Diesel Fever? *sigh* yes I might have a small problem with anything that makes a bang. This discussion could turn to religion and definitely politics. So I'm done now.

    The wife won't let me put it in my coffee anymore. But sometimes I can have some over my icecream or three fingers on the rocks if she wants to drive home after dinner. I do keep a bottle of it in the home, just so I can pop the cork and smell it. mmmmmmmm d-d-d-d-diesssselll.
    ScotO likes this.
  5. BrianK

    BrianK Guest

    I'm going tomorrow evening to look at it and I'll likely bring it home. That's the earliest I could coordinate with the seller to go see it.
  6. BrianK

    BrianK Guest

    I've been pricing these small Yanmar diesels. Even used, they're often selling for more than this splitter, if you can find them. And they are used on some very high end emergency and utility equipment and generators. There's a whole line of Chinese knock offs of these small air cooled Yanmar diesels; imitation is the highest form of flattery.

    I could buy this unit, sell the Yanmar, and have enough cash for both a used gas motor and a higher GPM pump. But I suspect I'll just haul it home and put it to use, as its better than what I've got, which is an old maul and a bad back and a very limited bank account...
  7. ScotO

    ScotO Guest

    you are a sick man, ditchrider........I LIKE THE WAY YOU THINK!
  8. ditchrider

    ditchrider Burning Hunk

    Joined:
    Dec 6, 2011
    Messages:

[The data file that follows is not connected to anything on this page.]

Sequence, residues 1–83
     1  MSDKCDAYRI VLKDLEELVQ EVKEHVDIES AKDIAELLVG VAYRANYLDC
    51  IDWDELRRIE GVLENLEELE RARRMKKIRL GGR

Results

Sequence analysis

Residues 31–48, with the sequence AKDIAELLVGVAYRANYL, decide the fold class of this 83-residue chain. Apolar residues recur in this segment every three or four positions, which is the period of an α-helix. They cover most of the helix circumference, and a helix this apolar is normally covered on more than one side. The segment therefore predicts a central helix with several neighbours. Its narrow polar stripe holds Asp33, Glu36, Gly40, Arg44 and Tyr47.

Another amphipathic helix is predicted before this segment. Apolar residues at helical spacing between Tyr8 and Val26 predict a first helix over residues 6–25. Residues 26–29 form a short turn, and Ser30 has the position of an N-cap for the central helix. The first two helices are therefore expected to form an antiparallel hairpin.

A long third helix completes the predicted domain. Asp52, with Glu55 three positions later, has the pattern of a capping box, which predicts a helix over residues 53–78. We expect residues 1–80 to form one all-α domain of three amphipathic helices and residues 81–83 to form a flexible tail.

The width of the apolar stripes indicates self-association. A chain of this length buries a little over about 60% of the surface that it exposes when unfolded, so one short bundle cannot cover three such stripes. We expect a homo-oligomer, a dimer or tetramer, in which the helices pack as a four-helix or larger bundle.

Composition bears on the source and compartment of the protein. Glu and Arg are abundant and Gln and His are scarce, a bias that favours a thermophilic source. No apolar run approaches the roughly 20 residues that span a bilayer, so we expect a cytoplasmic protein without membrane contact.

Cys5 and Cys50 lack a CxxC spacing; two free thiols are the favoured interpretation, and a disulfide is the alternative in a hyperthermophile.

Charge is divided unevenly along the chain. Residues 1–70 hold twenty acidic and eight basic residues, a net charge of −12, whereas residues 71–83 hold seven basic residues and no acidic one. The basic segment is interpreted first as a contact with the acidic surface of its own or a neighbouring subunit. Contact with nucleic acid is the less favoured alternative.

190
    Loc:
    North central, CO
    I am the people my parents warned me about. Some folks feel sorry for my kids. What they should be worried about is when my kids are no longer kids. It's what makes the world go 'round.
    ScotO likes this.
  9. BrianK

    BrianK Guest

    I picked it up and brought it home tonight. I got it for $575. I think that's a decent price.

    The Yanmar diesel came off a power washer. It runs great. It had not been started since I talked to him last week but started easily on the first pull. The decompression valve makes pull starting it fairly easy. The owner claims he splits a whole season of wood for his outside wood furnace on less than a tank of diesel, and only fills it once a year. He said it just sips fuel.

    The hydraulic cylinder outside diameter is 4" and the rod on the ram is 2.5".

    It functions fine but the ram seems a bit slow.

    There are two extra devices connected to the hydraulic lines which I am unsure of their function. One might be a very old filter but it also has a pointer on top that can be set to two different positions. I have no idea what it does but it did not change the ram speed. The other one might just be an extra port to ad hydraulic fluid.

    I'll post photos tomorrow.
    ScotO likes this.
  10. ScotO

    ScotO Guest

    sounds like a great deal, Brian. You can always upgrade the pump to a two stage which will make that splitter faster, but it'll be fine the way it is for now. Get some good pics on so we can check it out!
    BrianK likes this.
  11. BrianK

    BrianK Guest

    The owner claims that 4 years ago he put a new 11GPM 2 stage pump from Northern Tool. Some of the hydraulic lines are dry rotted but don't leak. I suspect upgrading the hydraulic filter and the bad lines won't hurt.
    ScotO likes this.
  12. nate379

    nate379 Guest

    I see it now.. "rolling coal" while splitting wood.. :)
    BrianK likes this.
  13. BrianK

    BrianK Guest

    OK, I have to name this thing...

    I'm open to suggestions. Should I start a poll?

    :p
  14. BrianK